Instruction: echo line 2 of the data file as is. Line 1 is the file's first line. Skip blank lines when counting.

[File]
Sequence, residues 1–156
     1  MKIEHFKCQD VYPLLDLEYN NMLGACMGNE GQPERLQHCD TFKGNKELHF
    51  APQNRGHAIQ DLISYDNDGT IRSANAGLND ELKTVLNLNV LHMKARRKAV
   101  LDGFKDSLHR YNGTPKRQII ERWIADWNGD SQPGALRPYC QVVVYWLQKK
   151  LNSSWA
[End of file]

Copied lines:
     1  MKIEHFKCQD VYPLLDLEYN NMLGACMGNE GQPERLQHCD TFKGNKELHF